Skip to main content

The Yankee Express

The ghostly heads of the Kickemuit River

By Thomas D’Agostino
Here is a true haunt from New England’s long gone past, just in time for Hallowee’en. 
   Along the misty banks of the Kickemuit River in Warren, Rhode Island, a hideous scene unfolded, setting off what would become King Philip’s War. This event left a permanent scar on the land both historically and psychically. Though the historical fact is all but forgotten, the psychic scar left on the land continues to haunt the area to this day.
   The origin of this ghostly activity dates back to June, 1675. Tension had grown between the colonists and the local Pokanoket tribe living in the area. Uneasiness between the colonists and natives grew to a point where neither felt any sympathy or regard for the other. 
Conditions between the two exploded on June 20, 1675 when a band of Pokanoket warriors attacked the English settlement along the banks of the Kickemuit River. They looted and vandalized several homes. Two homes were set fire in the attack and the settlement left in fear and near ruin. Three days later, the Pokanoket returned to ransack and burn more houses. 
John Salisbury shot and wounded one of the warriors as they retreated. The following day they returned to exact revenge for the shooting. The renegade band killed John Salisbury and six other colonists near Swazey Corner during the bloody struggle. Two other men were ambushed and killed as they ran to the nearby settlements for help.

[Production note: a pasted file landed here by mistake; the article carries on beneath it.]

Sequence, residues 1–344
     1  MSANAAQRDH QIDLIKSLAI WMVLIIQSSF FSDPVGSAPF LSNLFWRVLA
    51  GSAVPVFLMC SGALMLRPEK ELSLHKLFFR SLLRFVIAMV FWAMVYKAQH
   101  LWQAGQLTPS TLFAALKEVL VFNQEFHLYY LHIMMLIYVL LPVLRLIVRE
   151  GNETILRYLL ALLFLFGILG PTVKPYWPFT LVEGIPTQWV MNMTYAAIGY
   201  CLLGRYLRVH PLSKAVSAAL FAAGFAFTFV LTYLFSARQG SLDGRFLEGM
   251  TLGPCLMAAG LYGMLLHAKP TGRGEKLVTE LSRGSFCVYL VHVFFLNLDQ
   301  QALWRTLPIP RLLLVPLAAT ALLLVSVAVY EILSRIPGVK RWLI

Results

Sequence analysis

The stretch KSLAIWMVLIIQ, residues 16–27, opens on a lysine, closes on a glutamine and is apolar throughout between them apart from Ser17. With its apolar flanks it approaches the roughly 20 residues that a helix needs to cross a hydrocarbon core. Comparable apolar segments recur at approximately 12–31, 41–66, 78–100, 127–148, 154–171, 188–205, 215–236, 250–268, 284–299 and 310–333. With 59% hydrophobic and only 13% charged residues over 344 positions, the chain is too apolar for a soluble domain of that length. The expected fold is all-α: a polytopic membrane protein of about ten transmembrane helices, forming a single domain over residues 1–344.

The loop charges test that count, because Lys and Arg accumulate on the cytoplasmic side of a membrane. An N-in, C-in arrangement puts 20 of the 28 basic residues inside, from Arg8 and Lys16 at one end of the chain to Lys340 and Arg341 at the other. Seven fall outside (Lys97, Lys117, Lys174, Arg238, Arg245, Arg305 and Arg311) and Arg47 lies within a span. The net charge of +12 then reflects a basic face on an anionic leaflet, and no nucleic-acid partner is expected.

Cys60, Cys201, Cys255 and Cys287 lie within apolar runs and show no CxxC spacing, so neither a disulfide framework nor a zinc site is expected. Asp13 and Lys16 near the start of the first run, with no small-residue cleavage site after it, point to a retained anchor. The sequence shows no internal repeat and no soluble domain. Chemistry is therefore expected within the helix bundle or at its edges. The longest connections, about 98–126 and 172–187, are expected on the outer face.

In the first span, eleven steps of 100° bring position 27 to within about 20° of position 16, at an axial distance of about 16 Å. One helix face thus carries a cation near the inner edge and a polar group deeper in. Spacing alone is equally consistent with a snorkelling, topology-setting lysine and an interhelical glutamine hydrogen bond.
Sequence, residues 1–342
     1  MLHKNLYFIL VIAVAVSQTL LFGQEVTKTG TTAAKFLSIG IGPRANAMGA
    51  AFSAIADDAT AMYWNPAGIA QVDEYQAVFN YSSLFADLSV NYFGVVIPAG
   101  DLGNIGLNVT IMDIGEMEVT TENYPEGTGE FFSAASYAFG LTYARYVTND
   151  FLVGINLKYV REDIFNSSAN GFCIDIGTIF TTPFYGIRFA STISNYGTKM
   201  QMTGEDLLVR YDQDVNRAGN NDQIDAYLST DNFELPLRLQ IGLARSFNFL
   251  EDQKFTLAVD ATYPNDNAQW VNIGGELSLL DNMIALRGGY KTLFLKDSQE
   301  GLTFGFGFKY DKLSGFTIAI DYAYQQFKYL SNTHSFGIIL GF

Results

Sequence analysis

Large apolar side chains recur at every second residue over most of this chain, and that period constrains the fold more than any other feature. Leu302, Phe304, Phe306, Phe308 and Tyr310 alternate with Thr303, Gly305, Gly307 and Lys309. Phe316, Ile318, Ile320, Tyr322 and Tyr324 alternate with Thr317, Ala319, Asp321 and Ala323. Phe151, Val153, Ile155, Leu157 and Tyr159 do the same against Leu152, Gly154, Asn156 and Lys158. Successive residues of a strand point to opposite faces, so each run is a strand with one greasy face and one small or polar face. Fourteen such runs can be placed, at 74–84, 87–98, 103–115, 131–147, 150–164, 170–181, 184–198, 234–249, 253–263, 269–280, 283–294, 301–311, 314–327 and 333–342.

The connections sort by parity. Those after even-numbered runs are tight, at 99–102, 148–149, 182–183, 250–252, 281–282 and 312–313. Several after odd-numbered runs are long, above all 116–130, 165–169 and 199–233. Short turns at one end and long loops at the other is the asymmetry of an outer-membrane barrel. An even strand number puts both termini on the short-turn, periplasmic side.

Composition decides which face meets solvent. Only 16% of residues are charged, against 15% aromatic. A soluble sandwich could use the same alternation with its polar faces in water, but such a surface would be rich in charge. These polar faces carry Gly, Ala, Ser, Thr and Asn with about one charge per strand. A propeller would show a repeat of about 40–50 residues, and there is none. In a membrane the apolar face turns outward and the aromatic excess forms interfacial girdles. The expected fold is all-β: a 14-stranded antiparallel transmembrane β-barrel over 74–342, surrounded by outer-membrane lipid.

A week after the incident the severed heads of eight murdered colonists were seen on the banks of the river mounted on long poles with gruesome smiles pulled across their faces. This was a clear message to the colonists. Leave the Pokanoket area, or meet the same fate. 
The attack on the settlement sparked the brutal and bloody conflict known as King Philip’s War between the local tribes and colonists. The violent conflict would eventually take its toll on the people of the region before subsiding into a peace treaty. The innocent colonists who died that day, however, have never found peace.
Several times a year people claim witness to eight floating heads above the shore of the river. Most often they are seen about the trees glowing in the twilight hours of early evening. They drift almost aimlessly but with purpose, as if searching for something. Perhaps they are trying to reunite with the rest of their bodies that were never recovered.  
Sometimes they are witnessed on poles in the ground on the edge of the Kickemuit near the bridge that crosses the river at Route 136. Either way it is a ghastly sight to behold. Some witnesses who have seen them say the faces seem to look distressed or forlorn. Others have stood aghast as the repulsive apparitions wear the same horrific grins that were given them by those who brutally murdered the eight men. 
When you visit the Kickemuit River take a stroll along the banks. If you get the feeling you are being watched, look to the trees and you might see eight glowing faces staring down at you wondering if you are friend or foe.
   The Kickemuit River runs through the center of Warren. Take Interstate Route 195 East to Route 114 East. Bear left where Routes 114 and 103 split. Take Route 136 South off of Route 103. 
Thomas D’Agostino and his wife Arlene Nicholson are seasoned paranormal investigators, authors, and co-organizers of Paranormal United Research Society. You can find out more about them by visiting